All the music your sunburnt face can handle.
Despite the onslaught of sad news this month, the local scene kept pumping out gold nuggets.
The Seattle filmmaker’s 3-D turn distinguishes him in an excellent field.
Phoebé Guillemot’s unclassifiable sonic universe is like a safari through a mutant forest.
The indie mainstay finds new life in songs from another place and another time.
“I remember going to Disneyland with my homegirl,” she says, giggling on a U District patio. “We went to the Star Wars part, and I was tripping. They had, like, a synopsis of all the journeys and I kind of cried a little bit at the end. It was so good.”
Given the silo-centric culture here in Seattle, the notion of uniting the city’s disparate scenes might also be considered “experimental”—an interesting new tack the festival is taking this weekend.
Within the next five weeks, Hartinger is unleashing not one, but two new EPs of original tracks unto the world.
Seattle’s dance music scene goes to Golden Gardens for a day party.
A Redditor named “CoogiMonster” beat AEG to the punch, but did it really even matter?
In anticipation of the third summer of their weekly Wednesday evening dance party, Paradise Sunset Sessions hosted a little pre-launch soiree.
Activist hip-hop, occult rap, and weirdo punk made our month.
The Seattle nonprofit radio station has long celebrated the musicians who defined a particular kind of pop music. Now itis getting used to mourning them.
A firsthand account of the rapper’s hot-box bus stunt.
“I don’t think Uncle Ike’s is the cause of the problem,” Watson notes, “but I’ll be damned if it isn’t a perfect metaphor.”
The clearest and most incisive recent critique of the capital forces changing the Central District came last week in the form of a seven-years-in-the-making hip-hop record, Seattle’s Own, from Central District native and current South-Ender Draze.
People drift in and out, chat, or meditate, and you might see someone popping a melatonin or asking if the bar has tea.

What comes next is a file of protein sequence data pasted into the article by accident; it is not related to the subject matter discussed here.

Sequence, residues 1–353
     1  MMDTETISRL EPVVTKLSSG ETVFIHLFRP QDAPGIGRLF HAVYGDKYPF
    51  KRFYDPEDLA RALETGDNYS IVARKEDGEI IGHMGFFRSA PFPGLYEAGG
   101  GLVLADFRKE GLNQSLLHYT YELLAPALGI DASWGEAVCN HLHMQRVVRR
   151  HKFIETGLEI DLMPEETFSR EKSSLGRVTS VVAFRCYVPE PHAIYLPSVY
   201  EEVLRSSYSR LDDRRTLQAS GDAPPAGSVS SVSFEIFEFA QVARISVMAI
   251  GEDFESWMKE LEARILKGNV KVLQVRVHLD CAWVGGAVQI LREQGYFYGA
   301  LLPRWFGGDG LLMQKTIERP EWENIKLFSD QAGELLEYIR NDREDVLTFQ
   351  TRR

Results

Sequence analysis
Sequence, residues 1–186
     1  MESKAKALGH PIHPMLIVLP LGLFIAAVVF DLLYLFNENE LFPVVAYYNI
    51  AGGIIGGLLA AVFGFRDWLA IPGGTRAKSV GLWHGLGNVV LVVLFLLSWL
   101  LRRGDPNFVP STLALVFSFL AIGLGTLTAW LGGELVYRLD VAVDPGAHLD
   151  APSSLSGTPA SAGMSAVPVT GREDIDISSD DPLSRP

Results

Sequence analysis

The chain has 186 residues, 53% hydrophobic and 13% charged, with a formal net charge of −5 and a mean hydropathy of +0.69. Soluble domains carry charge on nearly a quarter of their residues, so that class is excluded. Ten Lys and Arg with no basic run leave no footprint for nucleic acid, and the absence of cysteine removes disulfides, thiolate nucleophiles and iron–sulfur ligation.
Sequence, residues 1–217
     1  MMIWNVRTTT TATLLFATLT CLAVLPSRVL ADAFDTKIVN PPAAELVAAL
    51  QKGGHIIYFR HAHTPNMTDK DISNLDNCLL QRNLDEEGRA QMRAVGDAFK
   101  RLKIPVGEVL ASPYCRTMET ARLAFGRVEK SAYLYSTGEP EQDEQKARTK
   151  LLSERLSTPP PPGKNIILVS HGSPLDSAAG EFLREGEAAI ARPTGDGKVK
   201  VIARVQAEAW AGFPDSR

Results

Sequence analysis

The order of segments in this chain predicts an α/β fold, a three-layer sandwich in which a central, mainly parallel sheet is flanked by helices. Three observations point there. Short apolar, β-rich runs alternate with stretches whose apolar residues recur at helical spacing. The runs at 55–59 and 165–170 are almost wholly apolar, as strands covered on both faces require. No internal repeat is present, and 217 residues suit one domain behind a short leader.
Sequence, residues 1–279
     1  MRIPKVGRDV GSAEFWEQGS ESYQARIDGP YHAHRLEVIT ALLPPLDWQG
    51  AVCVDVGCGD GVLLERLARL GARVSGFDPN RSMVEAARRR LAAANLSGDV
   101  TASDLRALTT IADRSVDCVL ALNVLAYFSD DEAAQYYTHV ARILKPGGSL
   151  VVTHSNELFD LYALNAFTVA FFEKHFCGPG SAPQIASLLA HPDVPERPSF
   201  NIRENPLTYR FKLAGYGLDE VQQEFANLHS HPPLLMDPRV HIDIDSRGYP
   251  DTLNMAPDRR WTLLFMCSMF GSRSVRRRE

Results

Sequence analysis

It was the perfect recipe for an unforgettable evening—one that had many boasting it was their best night yet in 2016.
You can find the Tacoma-based trio ILLFIGHTYOU at the corner where glass-rattling bass intersects with murder-mayhem lyricism.
If NVM is Tacocat’s Nevermind—the album that brought them to the world’s attention—then Lost Time is their In Utero: heavier, darker, realer, and produced to pack a stronger punch.
Brilliantly minimalist songwriting from Ings, ass-shaking gold from Ca$h Bandicoot, four overwhelming records from Carlos Garcia, and spacey contemplations from Astro King Phoenix.
A decade in, the Seattle orchestral indie outfit has gone pop. Lead singer Matt Bishop tells us why.
Each month the DJs are accompanied by live hand drums from Tor Dietrichson, who throws down on the congas throughout the night, adding an organic and spontaneous flavor to the party.
The album, which chronicles the artist’s experience being evicted from his home, is impressive, especially considering it is being narrated so soberly by a 21-year-old.
Building on the success of their “Curry NA Hurry” video, Jamil Suleman and his co-conspirators are attempting to build an indie media empire.
When he released Visions of Us on the Land last week, Damien Jurado completed a four-year musical journey. But where is he now?
It got steamy at the Tractor Tavern as Red Bull brought out the Seattle music scene royalty.